A Shift Towards Inclusive Digital Learning Design

In the age of technology, with the recent global events reshaping how we perceive education, the question of digital accessibility is at the forefront of educational development. On the eve of a new academic year, this article delves into the key concepts and strategies for creating digitally accessible learning designs.

The Imperative for Digital Accessibility

Digital accessibility is more than just compliance with the legal mandates, such as the Equality Act 2010 legislation in the UK. It’s about broadening the horizon for wider access, inclusion, and social justice. This shift is particularly poignant in the wake of Covid-19, where the need to adapt has led to new forms of practice.

Accessibility by Design vs Retrofitting

The main argument in favour of accessible learning design is the proactive approach to create content that is inclusive from the onset, rather than attempting to retrofit accessibility onto existing materials. This preemptive strategy ensures that accessibility is ingrained in the learning design, making it more effective and robust.

Beyond Compliance: Making it Real

The transition to digitally accessible learning is not just about adhering to policies. Institutions are keen to enact real changes, tapping into Universal Design and encouraging best practices. This includes improving captioning of video content, thinking beyond automated captions, and emphasising an anticipatory approach rather than a reactive one.

From Belief to Behaviour

Understanding and implementing accessibility require distinguishing between beliefs, knowledge, and behaviours. It’s not enough to agree with the principles; the goal is to turn these beliefs into practical knowledge and tangible behaviours.

Tools and Self-Assessment

Different institutions employ a range of tools to improve digital accessibility, from Accessibility Net to Blackboard Ally, and Microsoft Word. What often seems missing, however, is a way for individuals to gauge their personal accessibility practice. This gap has led to the development of self-assessment methods, encouraging colleagues to reflect on their engagement with accessibility and identify areas for improvement.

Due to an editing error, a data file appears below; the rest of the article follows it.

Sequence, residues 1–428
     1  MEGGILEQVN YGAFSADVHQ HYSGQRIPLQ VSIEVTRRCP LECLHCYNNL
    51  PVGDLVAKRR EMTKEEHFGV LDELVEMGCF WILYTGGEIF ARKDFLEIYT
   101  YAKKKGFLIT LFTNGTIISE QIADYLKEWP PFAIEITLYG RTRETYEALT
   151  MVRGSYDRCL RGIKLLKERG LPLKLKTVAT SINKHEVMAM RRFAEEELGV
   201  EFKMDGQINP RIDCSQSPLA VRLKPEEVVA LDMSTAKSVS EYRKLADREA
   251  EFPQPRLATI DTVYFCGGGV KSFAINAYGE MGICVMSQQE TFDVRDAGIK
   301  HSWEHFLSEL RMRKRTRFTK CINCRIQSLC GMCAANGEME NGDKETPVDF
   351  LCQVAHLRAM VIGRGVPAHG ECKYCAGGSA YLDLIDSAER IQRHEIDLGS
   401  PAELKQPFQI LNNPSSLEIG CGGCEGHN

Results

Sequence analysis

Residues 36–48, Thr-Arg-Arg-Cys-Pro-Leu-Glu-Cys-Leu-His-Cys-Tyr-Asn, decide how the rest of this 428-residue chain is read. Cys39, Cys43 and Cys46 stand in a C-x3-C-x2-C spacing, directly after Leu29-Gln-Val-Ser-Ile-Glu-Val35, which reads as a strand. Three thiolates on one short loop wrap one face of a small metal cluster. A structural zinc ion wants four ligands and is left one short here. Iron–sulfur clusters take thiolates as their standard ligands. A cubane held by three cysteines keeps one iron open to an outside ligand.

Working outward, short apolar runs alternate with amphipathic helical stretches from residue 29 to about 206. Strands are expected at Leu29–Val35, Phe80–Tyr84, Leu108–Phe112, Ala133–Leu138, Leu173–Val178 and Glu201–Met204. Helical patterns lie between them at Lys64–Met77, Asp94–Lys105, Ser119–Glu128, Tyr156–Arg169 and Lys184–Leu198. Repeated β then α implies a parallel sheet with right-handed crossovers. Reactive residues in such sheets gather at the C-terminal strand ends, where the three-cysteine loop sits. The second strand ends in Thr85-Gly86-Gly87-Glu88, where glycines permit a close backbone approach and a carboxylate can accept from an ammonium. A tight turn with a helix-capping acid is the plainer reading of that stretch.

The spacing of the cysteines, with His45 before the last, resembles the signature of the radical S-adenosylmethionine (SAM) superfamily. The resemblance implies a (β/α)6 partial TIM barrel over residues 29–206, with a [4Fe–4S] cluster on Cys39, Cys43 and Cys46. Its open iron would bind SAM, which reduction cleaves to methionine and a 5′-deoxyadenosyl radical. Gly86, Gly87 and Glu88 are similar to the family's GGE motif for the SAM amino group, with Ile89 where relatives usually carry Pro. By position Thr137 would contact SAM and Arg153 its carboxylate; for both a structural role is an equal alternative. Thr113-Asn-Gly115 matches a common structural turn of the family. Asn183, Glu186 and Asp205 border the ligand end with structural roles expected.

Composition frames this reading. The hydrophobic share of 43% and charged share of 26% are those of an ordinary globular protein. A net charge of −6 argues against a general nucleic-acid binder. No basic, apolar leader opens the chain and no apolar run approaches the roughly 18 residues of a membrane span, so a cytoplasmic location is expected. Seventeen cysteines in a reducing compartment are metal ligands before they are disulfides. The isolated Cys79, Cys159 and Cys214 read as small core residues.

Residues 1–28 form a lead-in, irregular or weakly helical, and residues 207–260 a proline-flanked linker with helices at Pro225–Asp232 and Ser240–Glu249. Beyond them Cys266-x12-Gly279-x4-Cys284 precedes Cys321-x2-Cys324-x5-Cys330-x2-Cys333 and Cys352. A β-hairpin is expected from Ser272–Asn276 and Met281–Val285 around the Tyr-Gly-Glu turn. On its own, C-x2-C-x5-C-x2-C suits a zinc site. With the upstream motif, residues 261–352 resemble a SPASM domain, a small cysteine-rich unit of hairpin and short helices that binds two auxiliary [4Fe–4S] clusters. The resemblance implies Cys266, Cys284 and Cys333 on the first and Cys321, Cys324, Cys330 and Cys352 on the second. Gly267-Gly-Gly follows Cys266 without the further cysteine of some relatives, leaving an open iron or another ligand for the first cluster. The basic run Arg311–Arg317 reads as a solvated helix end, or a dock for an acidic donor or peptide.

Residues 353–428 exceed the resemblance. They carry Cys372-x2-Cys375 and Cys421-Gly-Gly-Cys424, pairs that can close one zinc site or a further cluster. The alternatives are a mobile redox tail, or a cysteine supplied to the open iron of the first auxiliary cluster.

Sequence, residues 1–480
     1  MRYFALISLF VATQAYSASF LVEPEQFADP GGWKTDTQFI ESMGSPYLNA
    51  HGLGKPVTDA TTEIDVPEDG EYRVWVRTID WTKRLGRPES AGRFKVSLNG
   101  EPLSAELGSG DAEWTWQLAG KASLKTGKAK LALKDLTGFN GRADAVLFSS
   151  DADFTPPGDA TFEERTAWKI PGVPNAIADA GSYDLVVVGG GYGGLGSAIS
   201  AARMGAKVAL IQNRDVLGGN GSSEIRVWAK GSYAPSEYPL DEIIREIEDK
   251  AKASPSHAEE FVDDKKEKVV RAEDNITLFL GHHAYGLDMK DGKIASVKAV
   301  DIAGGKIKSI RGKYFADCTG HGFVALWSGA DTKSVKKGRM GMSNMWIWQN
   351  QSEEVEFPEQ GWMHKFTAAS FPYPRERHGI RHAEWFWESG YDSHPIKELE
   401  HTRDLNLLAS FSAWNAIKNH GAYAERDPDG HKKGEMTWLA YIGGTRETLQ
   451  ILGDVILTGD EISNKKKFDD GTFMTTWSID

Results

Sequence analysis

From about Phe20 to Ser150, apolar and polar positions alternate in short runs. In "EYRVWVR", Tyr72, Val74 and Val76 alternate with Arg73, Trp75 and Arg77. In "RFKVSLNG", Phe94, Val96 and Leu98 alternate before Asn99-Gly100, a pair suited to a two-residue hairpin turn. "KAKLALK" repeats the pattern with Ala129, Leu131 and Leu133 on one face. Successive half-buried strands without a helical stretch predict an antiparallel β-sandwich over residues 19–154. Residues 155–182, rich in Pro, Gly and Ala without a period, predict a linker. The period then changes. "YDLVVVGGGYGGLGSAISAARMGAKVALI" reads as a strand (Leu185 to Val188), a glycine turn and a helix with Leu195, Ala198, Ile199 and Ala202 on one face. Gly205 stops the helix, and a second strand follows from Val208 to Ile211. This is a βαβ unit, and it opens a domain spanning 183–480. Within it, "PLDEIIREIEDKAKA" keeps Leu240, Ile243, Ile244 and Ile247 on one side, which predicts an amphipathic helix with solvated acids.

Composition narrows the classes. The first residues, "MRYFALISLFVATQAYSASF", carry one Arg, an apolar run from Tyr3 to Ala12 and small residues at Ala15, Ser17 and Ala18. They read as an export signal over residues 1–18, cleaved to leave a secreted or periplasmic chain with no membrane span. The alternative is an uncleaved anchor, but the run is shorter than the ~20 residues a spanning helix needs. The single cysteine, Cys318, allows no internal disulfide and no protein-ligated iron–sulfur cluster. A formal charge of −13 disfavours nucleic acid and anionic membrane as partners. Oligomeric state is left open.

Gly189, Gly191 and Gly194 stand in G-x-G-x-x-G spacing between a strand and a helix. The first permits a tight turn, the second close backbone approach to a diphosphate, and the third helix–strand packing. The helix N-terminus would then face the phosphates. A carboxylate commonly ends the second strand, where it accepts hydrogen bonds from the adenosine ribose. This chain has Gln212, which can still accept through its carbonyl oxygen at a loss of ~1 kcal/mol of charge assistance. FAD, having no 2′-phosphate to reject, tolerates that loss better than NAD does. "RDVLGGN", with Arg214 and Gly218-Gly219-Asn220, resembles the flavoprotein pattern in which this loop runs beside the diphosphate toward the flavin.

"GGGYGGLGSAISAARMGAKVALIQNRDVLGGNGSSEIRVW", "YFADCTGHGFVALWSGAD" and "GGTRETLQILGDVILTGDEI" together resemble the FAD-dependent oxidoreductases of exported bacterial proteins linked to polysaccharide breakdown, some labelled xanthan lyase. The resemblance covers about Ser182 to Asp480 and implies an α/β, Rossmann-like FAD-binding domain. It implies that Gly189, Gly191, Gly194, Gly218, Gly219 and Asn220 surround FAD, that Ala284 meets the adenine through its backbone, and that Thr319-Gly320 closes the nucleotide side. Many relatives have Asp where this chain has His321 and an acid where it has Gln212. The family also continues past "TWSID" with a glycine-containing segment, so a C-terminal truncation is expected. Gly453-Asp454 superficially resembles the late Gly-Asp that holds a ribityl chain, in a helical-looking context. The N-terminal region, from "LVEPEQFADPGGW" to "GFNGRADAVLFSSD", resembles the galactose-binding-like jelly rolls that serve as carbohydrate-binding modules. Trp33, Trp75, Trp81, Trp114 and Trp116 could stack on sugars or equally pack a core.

Practical Examples and Engagement

Through interactive activities and questions, individuals can assess their position on the willingness and capability spectrum for digital accessibility. These assessments provide a clear picture of areas of strength and potential weaknesses. Such insights allow targeted support and development, whether through workshops, coaching, or specific resources.

Future Prospects and Open Access Tools

While the current tools are evolving, there are plans for an open-access web interface for self-assessment. This will be a valuable resource for individuals and institutions alike, guiding specific improvements based on personalised responses.


Digital accessibility in learning design is a complex yet vital aspect of modern education. It goes beyond mere legal compliance, aiming at a comprehensive, anticipatory approach that turns beliefs into action. By leveraging the available tools, engaging in self-assessment, and fostering a collaborative culture, institutions are not only enhancing their educational content but are paving the way for a more inclusive, just, and forward-thinking educational landscape. The shift towards inclusive digital learning design is more than a trend; it’s an ethical imperative that resonates with the values of education in a connected world.

This post summarises a lecture by Martin Compton on Digitally accessible learning design, hosted by Digitally Enhanced Education Webinars at the University of Kent. The lecture is available on YouTube.

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Amir-Homayoun Javadi

Amir-Homayoun Javadi, PhD

Founder and CEO at 0&1 LTD